Allies lash out at Trump ahead of G7 summit
The governments of Germany and France have taken a harsh line against the US president.
Nothing US President Donald Trump is doing will "make the world better, safer, or more peaceful," German Foreign Minister Heiko Maas told the daily Süddeutsche Zeitung on Friday.
Up until now, the German government has largely adopted a policy of quiet disapproval in Trump's direction, but Maas broke the silence ahead of the G7 summit in Canada, which begins Friday.
"We cannot look away," said Maas. "He knows that what he is doing is of direct detriment to Europe."
The top German diplomat specifically referenced Trump's decision to withdraw from the Iran nuclear deal, the Paris climate accords, and the imposition of tariffs on steel and aluminum as unfathomable measures to take against his nation's closest allies.
In the interview, Maas offered insight into Berlin's strategy to deal with its changing relationship with Washington: "The only answer to 'America First,' is 'Europe United.'"
However, Maas also warned that Europe should not adopt an adversarial attitude towards the United States as a whole.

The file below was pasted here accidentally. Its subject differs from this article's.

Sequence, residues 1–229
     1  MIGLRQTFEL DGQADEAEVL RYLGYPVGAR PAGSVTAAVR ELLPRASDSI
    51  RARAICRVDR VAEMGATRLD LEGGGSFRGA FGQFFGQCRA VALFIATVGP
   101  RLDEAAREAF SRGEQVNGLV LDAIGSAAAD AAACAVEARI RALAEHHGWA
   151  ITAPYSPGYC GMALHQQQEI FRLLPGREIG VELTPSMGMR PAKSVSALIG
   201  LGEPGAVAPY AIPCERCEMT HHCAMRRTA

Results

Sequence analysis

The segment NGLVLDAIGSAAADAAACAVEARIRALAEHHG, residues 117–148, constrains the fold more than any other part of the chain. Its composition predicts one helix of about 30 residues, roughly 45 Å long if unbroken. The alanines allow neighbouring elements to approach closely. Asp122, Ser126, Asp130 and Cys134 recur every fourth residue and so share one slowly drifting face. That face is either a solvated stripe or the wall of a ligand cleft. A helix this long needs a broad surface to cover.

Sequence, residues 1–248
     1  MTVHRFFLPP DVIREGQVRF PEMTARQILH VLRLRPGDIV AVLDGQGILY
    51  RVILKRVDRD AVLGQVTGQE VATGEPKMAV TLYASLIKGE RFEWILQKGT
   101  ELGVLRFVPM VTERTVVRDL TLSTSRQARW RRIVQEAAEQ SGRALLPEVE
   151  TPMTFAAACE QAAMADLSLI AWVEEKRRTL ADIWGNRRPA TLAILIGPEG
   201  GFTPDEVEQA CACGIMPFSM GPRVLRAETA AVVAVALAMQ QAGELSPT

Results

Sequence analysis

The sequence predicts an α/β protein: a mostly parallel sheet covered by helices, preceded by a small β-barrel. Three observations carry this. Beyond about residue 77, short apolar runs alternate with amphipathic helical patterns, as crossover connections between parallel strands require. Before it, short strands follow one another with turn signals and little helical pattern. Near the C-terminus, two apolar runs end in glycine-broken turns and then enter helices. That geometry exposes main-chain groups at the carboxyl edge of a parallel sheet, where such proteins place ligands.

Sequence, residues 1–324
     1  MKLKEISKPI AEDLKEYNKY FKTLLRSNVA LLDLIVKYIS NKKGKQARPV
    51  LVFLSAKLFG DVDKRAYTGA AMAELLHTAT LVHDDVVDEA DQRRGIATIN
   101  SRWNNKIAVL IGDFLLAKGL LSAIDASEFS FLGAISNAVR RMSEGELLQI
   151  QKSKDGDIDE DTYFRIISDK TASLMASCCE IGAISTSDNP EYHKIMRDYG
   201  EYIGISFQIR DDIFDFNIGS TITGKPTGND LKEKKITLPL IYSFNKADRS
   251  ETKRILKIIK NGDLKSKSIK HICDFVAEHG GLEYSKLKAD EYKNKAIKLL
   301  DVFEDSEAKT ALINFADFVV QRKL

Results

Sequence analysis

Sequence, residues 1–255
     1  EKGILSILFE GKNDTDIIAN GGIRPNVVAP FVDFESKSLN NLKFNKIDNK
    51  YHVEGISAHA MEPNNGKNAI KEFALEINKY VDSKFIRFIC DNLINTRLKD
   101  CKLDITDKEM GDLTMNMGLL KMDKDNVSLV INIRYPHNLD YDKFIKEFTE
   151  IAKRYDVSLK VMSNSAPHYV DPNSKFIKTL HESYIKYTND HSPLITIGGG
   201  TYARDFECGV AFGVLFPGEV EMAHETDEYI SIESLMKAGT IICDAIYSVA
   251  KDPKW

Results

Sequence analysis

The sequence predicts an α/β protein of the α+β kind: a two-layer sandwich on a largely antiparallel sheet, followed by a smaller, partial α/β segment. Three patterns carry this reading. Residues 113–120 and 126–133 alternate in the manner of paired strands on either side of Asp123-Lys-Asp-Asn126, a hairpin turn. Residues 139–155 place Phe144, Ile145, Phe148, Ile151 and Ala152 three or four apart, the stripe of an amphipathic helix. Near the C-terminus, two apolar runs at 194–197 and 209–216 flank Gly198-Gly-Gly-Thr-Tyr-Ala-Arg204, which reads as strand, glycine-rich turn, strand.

"What Donald Trump is doing isn't exactly celebrated across the US," he said. "We have to remain in contact with civil society."
Maas also highlighted the need for European nations to seek other allies as their relationship with Washington deteriorates, particularly with natios that "wish to hold to the multilateral world order."
These sentiments were echoed by his boss, German Chancellor Angela Merkel, when asked on Wednesday how she would deal with Trump in Canada.
"It doesn't make sense to arbitrarily patch up our differences," she said.
Macron: Europe will not be intimidated
The German government was not the only ally to lash out at the US president before the Canada meeting. French President Emmanuel Macron, who has tried to be friendly with Trump in the past, has recently shifted to a tougher line against the White House. Signaling that his allies would not be intimated, Macron made it clear that the other six countries at G7 meeting would gladly sign deal without Trump.
"The American President may not mind being isolated," Macron wrote on Twitter, "but neither do we mind signing a 6 nation agreement if need be."
Trump, for his part, has argued that the EU countries and Canada have imposed tariffs on US goods for years to the detriment of US farmers and factories, though he did not mention any specific regulations.
The G7 summit in La Malbaie, Canada, is set to take place over Friday and Saturday. Issues such as gender equality and climate change will be major topics of discussion, particularly in light of the US withdrawal from the Paris agreement.
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